With the event pushed back an hour; it’s left to local band Swimming Lessons to get things underway. Ben Hall’s newly created project certainly hint at a bright future, with their Animal Collective like atmospherics and slow building segments, they make good use of the opening slot, and definitely win the ‘visuals of the day award’ for their colourful projections.
It’s clear from PAWS’ opening number that the Glaswegian band plan on playing loud and fast. But, coming off a support slot with the lively Japanadroids can certainly take it out of you, and as the band leave the stage, drummer Josh Swinney is almost on the verge of fainting after his enthusiastic performance. You can’t say he didn’t ‘go for it’, at least.
As darkness falls outside, Saint Lou Lou (dressed like some very good looking Swedish ninjas) ease into their adorable electro-pop sound. They’re by no means revolutionary in terms of style, but the fact they possess a subtlety only Scandinavians seem to master proves more than enough for the accepting audience.
With things running a little behind schedule, we then take and a break from The Brud’s quirky interior in search of pizza. And upon arrival back it seems we made a good decision, as the remainder of Pale Seas’ set comes across a tad one-dimensional.
Canadians Hooded Fang, however, are evidently more vocal, despite the fact that they still don’t have a place to sleep for the night. Lead singer Daniel Lee playfully tells the tentative crowd to “move forward toward past the VIP line”, and they duly oblige, with the popular ‘Clap’ doing down a treat.
Finally, the room starts to look full for the introduction of Haim, who look more like Midwestern White Stripes fans than LA natives who dabble with folk. But the sisters produce a performance that has more edge to their records, with recent track ‘Don’t Save Me’ being a particular highlight.
The highlight of the night undoubtedly comes from Adam Bainbridge’s Kindness. After getting the popular ‘Cyan’ out of the way early, Bainbridge seems to find himself amongst the audience every couple of minutes, encouraging wild dancing and even offering the microphone to anyone confident enough to join in. Backed by an airtight band that includes the most enthusiastic drummer you’re likely to see anytime soon, they launch into a medley of covers that finishes with The Luniz’ ‘I Got 5 On It’. They then toy with the idea of covering ‘Return Of The Mac’ too, but unfortunately that doesn’t materialise.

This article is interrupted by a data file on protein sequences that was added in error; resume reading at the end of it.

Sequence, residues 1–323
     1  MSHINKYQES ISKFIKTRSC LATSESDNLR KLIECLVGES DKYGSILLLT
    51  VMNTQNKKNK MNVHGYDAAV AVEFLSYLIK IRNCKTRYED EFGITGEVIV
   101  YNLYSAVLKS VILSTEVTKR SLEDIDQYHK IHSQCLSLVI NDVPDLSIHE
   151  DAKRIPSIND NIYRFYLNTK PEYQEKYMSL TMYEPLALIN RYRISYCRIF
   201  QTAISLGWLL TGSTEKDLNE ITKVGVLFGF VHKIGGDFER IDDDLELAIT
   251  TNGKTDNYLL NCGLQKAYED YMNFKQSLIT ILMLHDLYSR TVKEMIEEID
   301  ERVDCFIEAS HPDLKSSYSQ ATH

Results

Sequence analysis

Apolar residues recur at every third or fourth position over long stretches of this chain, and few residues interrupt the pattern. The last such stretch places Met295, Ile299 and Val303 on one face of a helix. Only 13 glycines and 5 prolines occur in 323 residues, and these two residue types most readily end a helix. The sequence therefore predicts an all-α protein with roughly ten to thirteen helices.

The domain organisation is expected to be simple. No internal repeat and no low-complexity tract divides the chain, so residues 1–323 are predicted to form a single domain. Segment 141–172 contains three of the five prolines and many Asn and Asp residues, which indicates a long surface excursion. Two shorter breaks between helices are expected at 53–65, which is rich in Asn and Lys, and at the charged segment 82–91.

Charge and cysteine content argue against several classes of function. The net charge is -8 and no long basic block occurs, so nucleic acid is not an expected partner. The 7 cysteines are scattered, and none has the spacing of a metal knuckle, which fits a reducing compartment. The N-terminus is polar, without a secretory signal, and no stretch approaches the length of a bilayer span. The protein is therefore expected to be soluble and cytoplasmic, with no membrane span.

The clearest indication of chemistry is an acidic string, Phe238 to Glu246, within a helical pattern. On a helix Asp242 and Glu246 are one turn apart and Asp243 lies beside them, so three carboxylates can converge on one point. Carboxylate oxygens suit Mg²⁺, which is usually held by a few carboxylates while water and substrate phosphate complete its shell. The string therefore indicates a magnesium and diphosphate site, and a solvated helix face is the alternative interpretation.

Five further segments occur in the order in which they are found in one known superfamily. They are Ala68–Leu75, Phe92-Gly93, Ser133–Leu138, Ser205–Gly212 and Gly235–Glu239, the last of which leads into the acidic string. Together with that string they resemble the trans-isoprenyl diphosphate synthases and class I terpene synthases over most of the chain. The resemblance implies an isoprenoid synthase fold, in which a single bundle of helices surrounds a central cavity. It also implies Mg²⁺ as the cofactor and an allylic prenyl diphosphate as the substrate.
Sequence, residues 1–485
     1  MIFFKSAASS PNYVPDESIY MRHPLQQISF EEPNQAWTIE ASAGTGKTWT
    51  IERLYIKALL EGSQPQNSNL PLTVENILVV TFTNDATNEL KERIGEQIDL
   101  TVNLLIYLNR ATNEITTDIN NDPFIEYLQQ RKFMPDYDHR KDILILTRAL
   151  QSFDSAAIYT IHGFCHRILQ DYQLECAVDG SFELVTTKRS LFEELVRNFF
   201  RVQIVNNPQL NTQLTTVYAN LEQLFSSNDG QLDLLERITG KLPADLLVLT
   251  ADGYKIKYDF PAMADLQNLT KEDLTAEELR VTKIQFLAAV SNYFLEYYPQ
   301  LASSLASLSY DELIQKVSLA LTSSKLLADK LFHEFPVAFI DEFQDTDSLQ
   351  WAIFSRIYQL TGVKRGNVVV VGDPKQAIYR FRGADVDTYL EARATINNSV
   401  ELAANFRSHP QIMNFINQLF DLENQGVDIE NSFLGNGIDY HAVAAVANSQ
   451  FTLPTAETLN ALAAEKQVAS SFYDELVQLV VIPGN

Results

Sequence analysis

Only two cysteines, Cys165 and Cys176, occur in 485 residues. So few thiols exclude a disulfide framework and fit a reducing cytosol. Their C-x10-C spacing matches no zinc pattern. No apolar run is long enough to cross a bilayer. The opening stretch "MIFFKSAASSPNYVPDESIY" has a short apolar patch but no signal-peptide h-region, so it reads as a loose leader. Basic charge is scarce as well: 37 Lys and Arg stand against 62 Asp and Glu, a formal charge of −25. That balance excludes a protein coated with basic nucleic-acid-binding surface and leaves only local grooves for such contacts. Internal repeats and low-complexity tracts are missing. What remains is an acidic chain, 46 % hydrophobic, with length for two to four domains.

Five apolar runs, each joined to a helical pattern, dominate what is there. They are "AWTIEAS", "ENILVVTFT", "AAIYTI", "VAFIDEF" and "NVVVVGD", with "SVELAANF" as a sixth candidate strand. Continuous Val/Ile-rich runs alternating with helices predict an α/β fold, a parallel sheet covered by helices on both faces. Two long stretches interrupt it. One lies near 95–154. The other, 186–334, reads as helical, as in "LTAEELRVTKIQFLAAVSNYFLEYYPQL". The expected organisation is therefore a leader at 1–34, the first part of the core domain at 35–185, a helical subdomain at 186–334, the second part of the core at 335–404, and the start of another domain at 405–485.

And so, after a lengthy wait (again) that now sees proceedings running almost an hour late, an anxious and awkward looking Ariel Pink and his Haunted Graffiti band take to the stage. But it’s clear from the off that we’ve not found him on a good day. Oh no.
Notorious for his indifferent performances, the previous evening in London had even seen the temperamental Californian sing from behind the stage. Here, we do get to see him at least, but his vocals are such an echoing mess that he might as well be singing from a cave.
There are occasional glimpses of the Ariel Pink we love, though, even if minute. ‘Round And Round’ and ‘Only In My Dreams’ are played effortlessly well by the Haunted Graffiti, but it’s Pink who takes things back to the absurd soon after as he chooses to sit down in the middle of the stage for the remainder of the evening. If you had to guess, you’d have to think that he’s had an arduous, long ol’ day o say the least.
As this point then – with Pink’s disinterest with the gig continuing to wane - the crowd’s loyalty is put to the test. And so, slowly but surely, more and more begin to head for the exit door. A dampened applause from the remaining hardcore following sees the band disappear backstage; and with it brings a thoroughly disappointing end to what was otherwise an enjoyable day of live music.
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